Fitch is suspicious of major banks

Pedestrians walk by a Bank of America branch office in San Francisco, California (Justin Sullivan / Getty Images / AFP)
Fitch Ratings is predicting large financial institutions are going to suffer during the economic turmoil and has cut the ratings of 7 major banks.

Leading American banks Goldman Sachs, Bank of America and Citigroup have been downgraded one notch from A+ to A. Ratings of Barclays’ Bank, BNP Paribas, Credit Suisse and Deutsche Bank  have been lowered two notches from AA- to A, considering them stable, but vulnerable to serious economic problems. Fitch has confirmed issuer default ratings for Morgan Stanley, Societe Generale and UBS.

“It seems, the negative background is making financial organisations vulnerable, though they try their best to improve its stability and fiscal immunity”, said Anna Bodrova from Investcafe. “But Fitch’s reaction is rather proactive: according to its own data, banks are in better condition than in 2008, but risks remain”, she added.

The agency has also reconsidered the capacity of these banks, except UBS, to maintain ongoing operations and to avoid failure with cutting their viability ratings. Bank of America has been downgraded from “a” (high credit quality) to “bbb” (good). Societe Generale has been lowered from “a” to “a-“or “a+”, Morgan Stanley – from “a” to “a-“, Goldman Sachs – to “a” from “a+”, Credit Suisse, Barclays and Deutsche Bank – to “a” from “aa-“, BNP Paribas – to “a+” from “aa-“. The “a” range defines “strong” prospects for ongoing viability, according to Fitch.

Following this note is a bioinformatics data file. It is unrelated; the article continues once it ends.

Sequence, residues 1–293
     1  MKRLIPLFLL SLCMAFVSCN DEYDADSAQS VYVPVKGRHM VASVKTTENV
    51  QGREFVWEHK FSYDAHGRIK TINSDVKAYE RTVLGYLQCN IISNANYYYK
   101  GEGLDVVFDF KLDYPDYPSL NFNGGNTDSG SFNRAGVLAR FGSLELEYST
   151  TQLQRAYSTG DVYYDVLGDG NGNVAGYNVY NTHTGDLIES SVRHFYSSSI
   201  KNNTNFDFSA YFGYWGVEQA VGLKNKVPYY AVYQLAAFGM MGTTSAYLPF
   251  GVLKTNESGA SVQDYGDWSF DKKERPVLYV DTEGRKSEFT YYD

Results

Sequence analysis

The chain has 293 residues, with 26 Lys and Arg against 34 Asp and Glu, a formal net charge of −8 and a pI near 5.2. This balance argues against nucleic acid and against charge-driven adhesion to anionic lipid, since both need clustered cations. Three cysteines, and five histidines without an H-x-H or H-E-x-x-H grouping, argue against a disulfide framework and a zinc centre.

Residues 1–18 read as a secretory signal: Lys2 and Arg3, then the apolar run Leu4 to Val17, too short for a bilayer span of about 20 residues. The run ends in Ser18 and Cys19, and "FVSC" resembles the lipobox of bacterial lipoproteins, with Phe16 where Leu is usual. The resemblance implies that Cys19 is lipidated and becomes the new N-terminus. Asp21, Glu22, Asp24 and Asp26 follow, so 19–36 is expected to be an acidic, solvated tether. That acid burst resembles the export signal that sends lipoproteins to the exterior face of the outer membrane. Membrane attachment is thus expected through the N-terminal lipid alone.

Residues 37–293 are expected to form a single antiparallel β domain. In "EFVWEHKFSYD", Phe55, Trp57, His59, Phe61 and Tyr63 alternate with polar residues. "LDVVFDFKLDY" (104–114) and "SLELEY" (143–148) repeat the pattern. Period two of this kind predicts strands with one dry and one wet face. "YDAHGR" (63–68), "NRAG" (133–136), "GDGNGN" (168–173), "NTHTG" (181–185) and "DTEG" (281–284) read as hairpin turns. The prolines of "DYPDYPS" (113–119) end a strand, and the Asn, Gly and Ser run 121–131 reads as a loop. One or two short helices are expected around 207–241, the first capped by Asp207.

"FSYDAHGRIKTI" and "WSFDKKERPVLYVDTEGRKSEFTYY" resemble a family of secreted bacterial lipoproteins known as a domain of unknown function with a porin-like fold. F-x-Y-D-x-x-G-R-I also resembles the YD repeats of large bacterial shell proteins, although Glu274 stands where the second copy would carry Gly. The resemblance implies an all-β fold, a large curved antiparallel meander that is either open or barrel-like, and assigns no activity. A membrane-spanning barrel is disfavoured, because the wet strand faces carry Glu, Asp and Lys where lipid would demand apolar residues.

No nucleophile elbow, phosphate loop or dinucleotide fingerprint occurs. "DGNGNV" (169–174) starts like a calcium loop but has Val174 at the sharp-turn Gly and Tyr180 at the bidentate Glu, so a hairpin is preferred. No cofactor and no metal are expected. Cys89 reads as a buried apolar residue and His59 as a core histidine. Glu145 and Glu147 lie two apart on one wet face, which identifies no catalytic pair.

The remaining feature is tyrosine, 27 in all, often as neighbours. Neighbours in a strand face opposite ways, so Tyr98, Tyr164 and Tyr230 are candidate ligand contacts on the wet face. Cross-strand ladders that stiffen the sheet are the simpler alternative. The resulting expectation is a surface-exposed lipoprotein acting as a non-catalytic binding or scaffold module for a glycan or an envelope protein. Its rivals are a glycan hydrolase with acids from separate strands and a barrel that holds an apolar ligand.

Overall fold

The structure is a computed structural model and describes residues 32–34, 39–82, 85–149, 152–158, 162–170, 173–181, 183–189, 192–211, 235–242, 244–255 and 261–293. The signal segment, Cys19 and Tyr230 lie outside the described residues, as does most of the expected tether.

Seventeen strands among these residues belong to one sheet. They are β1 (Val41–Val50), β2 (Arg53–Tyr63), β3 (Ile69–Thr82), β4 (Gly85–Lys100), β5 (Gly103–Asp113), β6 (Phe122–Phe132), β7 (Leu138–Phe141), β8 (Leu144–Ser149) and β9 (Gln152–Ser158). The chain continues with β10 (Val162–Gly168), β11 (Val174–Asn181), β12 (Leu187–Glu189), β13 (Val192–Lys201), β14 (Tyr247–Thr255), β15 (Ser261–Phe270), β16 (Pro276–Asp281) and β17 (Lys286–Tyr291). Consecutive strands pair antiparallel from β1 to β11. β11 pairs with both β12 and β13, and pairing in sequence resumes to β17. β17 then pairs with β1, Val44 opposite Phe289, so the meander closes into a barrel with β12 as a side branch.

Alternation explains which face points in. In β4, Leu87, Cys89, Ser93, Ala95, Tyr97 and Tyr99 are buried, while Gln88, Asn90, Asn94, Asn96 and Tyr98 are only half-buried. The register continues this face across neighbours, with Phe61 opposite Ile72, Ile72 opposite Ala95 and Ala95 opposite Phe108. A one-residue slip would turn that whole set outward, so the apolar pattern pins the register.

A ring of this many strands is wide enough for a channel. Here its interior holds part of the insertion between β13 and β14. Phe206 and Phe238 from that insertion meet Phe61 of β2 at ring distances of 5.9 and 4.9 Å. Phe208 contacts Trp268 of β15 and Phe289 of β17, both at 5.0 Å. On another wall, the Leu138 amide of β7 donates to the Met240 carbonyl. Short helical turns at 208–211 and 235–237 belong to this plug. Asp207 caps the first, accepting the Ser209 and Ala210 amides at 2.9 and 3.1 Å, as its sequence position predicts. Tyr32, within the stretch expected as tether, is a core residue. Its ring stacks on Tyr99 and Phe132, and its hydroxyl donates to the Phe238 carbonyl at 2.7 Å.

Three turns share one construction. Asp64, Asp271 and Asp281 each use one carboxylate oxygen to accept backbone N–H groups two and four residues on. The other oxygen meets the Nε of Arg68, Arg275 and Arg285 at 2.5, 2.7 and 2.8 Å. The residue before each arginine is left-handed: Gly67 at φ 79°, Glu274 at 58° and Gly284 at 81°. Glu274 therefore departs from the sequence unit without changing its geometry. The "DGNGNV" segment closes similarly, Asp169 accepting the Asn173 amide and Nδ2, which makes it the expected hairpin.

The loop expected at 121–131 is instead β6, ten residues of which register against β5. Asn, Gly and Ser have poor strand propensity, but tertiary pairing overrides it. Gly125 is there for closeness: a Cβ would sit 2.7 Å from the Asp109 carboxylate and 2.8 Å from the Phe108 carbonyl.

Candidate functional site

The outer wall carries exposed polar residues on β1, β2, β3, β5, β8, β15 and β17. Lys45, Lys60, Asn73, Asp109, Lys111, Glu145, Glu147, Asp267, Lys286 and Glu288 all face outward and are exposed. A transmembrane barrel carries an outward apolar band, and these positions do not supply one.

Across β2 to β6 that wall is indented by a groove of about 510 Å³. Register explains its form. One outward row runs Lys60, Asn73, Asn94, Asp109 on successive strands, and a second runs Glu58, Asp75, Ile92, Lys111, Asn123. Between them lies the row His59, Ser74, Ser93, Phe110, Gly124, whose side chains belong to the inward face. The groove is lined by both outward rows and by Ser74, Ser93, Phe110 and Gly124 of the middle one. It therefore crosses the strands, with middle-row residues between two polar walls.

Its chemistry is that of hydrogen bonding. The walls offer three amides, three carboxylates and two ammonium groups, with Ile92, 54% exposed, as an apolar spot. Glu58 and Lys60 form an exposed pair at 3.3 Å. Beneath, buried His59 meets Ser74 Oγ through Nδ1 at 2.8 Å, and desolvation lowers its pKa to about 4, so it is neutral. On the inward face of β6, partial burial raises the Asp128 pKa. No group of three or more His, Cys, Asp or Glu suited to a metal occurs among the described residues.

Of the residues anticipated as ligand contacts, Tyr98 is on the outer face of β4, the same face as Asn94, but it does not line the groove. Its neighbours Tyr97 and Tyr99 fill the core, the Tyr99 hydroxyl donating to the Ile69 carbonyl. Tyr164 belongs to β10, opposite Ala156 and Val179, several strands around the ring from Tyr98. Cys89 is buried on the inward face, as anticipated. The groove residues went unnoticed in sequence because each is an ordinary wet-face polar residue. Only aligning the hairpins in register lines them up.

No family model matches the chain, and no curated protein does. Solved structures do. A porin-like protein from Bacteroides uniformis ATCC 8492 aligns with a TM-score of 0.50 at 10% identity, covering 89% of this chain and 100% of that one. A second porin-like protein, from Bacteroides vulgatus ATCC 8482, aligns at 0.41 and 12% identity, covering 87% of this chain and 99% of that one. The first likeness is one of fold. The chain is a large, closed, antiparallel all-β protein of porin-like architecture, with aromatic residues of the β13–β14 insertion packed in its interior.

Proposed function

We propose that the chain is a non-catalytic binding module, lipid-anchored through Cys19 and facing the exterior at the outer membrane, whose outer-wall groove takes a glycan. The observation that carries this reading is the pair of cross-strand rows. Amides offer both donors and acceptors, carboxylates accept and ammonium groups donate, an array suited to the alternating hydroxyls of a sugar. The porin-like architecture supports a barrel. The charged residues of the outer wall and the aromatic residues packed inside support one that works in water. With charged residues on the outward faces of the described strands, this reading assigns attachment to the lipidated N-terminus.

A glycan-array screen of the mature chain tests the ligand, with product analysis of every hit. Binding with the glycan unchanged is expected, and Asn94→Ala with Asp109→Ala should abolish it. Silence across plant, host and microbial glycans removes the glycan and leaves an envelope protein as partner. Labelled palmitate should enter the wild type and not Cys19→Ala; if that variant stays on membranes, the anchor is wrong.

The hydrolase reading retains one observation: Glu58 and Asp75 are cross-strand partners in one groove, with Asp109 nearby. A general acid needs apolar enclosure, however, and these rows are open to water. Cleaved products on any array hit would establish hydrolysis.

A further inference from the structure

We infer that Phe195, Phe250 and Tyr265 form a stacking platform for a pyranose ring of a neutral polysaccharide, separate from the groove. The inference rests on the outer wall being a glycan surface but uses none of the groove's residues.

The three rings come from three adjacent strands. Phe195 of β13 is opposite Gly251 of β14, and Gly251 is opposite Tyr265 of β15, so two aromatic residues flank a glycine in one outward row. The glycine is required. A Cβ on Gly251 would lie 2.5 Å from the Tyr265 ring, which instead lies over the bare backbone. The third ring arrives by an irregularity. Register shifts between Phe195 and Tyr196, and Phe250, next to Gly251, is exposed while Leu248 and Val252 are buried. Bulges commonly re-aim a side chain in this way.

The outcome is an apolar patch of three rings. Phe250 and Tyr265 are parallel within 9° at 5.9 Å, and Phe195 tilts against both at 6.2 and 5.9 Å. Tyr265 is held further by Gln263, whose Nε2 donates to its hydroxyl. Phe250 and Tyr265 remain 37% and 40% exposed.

Fitch stressed large global banks are particularly sensitive to the challenges of the financial markets such as regulatory changes and financial stresses.

Recently S&P has cut the ratings 37 European and American banks under its new procedure designed to provide a more accurate estimate of their financial capability.